Deterrence and Displacement in Auto Theft
Lojack is a stolen vehicle tracking technology that achieves extremely high recovery rates. Ayres and Levitt (1998) show that introduction of the system produced large reductions in vehicle thefts in areas where it was implemented in the United States. The reduced theft risk was shared by all vehicle owners, not only those who bought Lojack. This paper, in contrast, uses the introduction of Lojack to a publicly known set of Ford car models in some Mexican states to show that Lojack generates negative externalities if thieves can distinguish between Lojack and non-Lojack-equipped cars. The empirical analysis suggests that, although Lojack-equipped vehicles experienced a reduction in theft risk of 55%, most of the averted thefts were replaced by thefts of non-Lojack-equipped automobiles in neighboring states. The increase in thefts in non Lojack-serviced states was especially strong for the same car models that in Lojack-serviced states were sold equipped with Lojack.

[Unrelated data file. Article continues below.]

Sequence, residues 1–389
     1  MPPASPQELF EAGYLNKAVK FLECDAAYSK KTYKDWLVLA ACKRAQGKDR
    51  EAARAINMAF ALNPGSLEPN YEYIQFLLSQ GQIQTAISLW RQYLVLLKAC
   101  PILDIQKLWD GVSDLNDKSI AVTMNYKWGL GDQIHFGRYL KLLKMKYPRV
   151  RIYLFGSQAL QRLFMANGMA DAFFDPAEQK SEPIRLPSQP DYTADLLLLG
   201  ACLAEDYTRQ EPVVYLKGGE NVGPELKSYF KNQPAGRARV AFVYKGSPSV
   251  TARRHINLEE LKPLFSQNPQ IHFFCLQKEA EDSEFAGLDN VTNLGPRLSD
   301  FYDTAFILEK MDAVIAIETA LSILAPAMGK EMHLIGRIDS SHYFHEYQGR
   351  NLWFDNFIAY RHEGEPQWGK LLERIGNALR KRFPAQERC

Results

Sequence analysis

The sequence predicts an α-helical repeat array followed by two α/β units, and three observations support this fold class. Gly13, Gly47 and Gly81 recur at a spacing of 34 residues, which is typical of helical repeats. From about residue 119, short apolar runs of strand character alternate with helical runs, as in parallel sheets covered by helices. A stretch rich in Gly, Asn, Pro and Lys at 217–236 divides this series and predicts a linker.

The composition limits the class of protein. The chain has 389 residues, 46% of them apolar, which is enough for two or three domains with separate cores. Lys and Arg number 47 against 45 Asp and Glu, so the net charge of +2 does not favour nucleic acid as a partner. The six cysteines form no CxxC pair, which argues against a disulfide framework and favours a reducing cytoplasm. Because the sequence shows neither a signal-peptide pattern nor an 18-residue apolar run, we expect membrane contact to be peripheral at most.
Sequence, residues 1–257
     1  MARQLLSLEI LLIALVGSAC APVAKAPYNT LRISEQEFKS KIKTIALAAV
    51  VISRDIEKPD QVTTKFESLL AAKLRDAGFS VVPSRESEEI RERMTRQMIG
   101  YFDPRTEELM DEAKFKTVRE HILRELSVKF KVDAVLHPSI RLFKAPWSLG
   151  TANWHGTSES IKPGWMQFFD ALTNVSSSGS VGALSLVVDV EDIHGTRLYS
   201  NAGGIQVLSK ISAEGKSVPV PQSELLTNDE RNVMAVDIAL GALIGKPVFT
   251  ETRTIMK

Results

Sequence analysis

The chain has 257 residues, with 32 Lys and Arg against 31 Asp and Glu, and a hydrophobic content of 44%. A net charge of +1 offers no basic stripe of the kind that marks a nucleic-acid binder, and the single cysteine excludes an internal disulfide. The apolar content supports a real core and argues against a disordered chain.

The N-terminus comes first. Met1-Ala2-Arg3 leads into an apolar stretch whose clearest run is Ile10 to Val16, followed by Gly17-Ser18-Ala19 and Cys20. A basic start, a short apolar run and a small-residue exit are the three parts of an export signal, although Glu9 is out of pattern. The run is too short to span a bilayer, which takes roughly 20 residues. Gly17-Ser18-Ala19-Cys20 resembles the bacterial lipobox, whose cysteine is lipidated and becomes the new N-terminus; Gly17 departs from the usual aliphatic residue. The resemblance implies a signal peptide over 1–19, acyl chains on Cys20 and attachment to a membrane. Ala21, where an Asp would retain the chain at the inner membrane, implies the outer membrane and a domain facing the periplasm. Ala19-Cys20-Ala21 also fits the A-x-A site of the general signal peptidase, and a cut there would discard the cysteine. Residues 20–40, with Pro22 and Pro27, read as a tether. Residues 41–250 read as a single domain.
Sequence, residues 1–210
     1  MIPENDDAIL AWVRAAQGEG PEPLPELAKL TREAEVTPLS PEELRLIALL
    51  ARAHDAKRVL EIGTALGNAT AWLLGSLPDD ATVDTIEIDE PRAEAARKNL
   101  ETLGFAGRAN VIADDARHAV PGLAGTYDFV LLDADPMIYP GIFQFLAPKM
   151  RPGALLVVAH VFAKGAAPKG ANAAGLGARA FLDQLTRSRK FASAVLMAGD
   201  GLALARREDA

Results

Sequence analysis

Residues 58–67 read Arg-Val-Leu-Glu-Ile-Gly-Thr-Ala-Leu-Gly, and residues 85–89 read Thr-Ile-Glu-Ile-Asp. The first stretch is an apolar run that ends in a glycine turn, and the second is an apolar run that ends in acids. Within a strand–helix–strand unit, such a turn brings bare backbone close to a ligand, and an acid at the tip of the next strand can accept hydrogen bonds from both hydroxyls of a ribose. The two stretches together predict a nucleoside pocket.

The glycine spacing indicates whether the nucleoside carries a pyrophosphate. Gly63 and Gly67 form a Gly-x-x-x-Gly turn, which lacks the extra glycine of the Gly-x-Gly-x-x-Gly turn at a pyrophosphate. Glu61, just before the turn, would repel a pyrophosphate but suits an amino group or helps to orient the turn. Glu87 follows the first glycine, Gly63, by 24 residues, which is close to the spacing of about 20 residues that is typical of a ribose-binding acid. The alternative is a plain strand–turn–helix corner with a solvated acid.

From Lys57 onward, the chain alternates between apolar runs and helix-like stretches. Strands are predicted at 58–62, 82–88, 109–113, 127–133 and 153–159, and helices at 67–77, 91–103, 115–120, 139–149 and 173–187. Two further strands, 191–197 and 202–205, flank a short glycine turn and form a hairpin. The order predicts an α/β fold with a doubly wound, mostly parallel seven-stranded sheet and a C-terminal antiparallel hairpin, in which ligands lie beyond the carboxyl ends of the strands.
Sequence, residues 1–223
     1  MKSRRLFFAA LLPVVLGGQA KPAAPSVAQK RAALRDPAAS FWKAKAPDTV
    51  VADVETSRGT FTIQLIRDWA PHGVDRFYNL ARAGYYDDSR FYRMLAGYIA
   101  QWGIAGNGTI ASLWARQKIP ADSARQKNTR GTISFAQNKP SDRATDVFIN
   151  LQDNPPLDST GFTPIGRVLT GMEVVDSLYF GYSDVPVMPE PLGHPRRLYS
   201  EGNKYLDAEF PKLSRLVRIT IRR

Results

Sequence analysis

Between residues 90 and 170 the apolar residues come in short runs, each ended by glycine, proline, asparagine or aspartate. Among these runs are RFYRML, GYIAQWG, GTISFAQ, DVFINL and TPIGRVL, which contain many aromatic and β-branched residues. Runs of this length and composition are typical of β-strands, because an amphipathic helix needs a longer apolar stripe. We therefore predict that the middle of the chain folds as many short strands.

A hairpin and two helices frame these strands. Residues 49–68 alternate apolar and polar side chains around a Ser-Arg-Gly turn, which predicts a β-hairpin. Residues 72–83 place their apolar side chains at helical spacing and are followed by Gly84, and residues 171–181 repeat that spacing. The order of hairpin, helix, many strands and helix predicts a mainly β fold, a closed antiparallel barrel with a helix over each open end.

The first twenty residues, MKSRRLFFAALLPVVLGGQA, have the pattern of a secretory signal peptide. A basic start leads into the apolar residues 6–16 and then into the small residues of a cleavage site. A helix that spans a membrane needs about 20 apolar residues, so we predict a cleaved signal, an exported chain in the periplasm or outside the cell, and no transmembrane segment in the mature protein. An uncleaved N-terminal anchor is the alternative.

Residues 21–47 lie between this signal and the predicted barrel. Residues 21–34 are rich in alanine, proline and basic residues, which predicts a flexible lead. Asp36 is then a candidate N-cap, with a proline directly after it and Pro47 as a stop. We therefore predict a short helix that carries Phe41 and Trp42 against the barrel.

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"Measuring Positive Externalities from Unobservable Victim Precaution: An Empirical Analysis of Lojack,"
NBER Working Papers
5928, National Bureau of Economic Research, Inc.
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